On March 20, the Ohio Department of Medicaid (ODM) joined the Centers for Medicare & Medicaid Services in making it easier for healthcare providers to furnish services remotely to Medicaid patients during the COVID-19 public health emergency.
Under OAC 5160-1-21, during the state of emergency declared by Ohio’s governor, providers may provide medical and behavioral health services to new and established patients through telehealth means without an initial face-to-face encounter.
Where may the provider and the patient be located for the telehealth visit?
The new Medicaid rule does not limit the site of the patient or the provider. The patient site is the location of the patient at the time of the service; the practitioner site is the location of the practice at the time of the service. In other words, both the provider and the patient may be at home.
What type of communication methods or products may be used?
Synchronous, interactive, real-time electronic communication with audio and video, i.e., Apple FaceTime, Facebook Messenger, Google Hangouts, Skype, and any non-public-facing remote communication product.
Asynchronous activities that do not have audio and video such as phone calls and email. (Note that this is different than the current guidance for Medicare patients.)
The rule refers to the recent announcement from the federal Office for Civil Rights at the Department of Health and Human Services that it will not impose penalties for noncompliance with HIPAA against covered healthcare
providers in connection with the good faith provision of telehealth during the federal COVID-19 public emergency declaration. This exercise of discretion applies to telehealth provided for any reason, regardless of whether the telehealth service is related to COVID-19.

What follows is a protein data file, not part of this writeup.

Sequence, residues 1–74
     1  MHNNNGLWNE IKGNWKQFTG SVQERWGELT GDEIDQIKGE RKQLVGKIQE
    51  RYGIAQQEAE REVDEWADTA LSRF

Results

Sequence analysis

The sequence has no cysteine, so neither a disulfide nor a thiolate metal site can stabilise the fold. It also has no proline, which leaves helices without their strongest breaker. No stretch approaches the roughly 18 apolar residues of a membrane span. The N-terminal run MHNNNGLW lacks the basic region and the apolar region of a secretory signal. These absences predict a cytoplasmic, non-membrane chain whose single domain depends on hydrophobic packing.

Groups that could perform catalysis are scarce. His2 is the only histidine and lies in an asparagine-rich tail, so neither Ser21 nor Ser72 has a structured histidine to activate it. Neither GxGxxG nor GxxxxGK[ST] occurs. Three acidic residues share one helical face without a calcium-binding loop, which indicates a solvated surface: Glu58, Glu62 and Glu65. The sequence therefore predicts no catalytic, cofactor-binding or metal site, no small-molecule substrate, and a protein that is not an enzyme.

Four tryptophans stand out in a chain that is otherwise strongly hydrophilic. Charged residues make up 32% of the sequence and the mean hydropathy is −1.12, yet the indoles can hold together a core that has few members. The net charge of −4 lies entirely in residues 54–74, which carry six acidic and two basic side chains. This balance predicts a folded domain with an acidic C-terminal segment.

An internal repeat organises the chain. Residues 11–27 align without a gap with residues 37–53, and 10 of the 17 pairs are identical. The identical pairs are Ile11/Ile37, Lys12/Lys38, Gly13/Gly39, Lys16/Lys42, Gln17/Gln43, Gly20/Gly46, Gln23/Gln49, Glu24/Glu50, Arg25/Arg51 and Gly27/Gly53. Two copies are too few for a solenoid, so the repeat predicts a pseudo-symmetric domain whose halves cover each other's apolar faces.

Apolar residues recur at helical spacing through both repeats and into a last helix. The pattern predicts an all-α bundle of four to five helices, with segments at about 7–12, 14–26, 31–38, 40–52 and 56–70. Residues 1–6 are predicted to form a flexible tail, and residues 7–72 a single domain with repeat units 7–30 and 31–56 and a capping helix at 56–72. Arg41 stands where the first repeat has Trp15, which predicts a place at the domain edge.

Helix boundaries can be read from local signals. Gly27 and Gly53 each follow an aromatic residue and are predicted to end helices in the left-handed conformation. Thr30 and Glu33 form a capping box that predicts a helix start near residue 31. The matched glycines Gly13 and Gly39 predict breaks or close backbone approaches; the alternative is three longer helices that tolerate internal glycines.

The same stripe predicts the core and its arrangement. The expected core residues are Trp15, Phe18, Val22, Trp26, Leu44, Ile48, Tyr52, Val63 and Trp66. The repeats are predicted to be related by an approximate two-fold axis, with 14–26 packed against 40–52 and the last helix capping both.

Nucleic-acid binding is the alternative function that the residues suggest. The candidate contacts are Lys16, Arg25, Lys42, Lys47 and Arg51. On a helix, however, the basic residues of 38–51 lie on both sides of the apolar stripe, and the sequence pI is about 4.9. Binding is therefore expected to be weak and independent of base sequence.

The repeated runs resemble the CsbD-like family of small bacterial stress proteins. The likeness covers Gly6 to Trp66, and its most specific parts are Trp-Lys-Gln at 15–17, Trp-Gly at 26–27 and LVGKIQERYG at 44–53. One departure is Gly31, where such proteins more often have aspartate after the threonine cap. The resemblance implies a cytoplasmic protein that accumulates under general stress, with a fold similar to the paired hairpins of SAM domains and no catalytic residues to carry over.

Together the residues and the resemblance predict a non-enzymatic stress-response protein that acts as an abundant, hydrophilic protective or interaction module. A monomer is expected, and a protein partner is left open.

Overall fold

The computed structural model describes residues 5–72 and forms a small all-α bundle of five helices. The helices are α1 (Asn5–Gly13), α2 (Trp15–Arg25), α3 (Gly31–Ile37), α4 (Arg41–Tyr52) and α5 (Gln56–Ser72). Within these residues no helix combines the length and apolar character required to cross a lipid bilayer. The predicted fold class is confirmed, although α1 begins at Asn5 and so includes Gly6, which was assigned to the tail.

What types of providers may practice through telehealth?
A wide array of providers: physicians, psychologists, physician assistants, nurse practitioners, licensed independent social workers, licensed therapists and counselors, supervised practitioners and trainees, occupational and physical therapists and
assistants, audiologists and speech-language pathologists and aides, dietitians, supervised practitioners and trainees, Medicaid school program contractors, and other providers as designated by ODM.
Which providers may bill Medicaid for telehealth services?
All of the above providers other than supervised practitioners and trainees, occupational therapist and physical therapist assistants, speech-language pathology and audiology aides, and conditional licensees. Also, the following providers may bill Medicaid for telehealth services: professional medical groups, federally
qualified health centers and rural health clinics, ambulatory healthcare clinics, outpatient hospitals, Medicaid school program providers, and other Medicaid providers as designated by ODM.
Which services may be provided to Medicaid beneficiaries via telehealth?
- Evaluation and management of a new or established patient with medical decision-making not to exceed moderate complexity;
- Inpatient or office consultation for a new or established patient when providing the same quality and timeliness of care to the patient other than by telehealth is not possible, as documented in the medical
- Mental health or substance use disorder services described as “psychiatric diagnostic evaluation” or “psychotherapy;”
- Remote evaluation of recorded video or images submitted by an established patient;
- Virtual check-in by a physician or other qualified healthcare professional who can report evaluation and management services, provided to an established patient;
- Online digital evaluation and management service for an established patient;
- Remote patient monitoring;
- Audiology, speech-language pathology, physical therapy, and occupational therapy services;
- Medical nutrition services;
- Lactation counseling provided by dietitians;
- Psychological and neuropsychological testing;
- Smoking and tobacco use cessation counseling;
- Developmental test administration; and
- Other services as designated by ODM.
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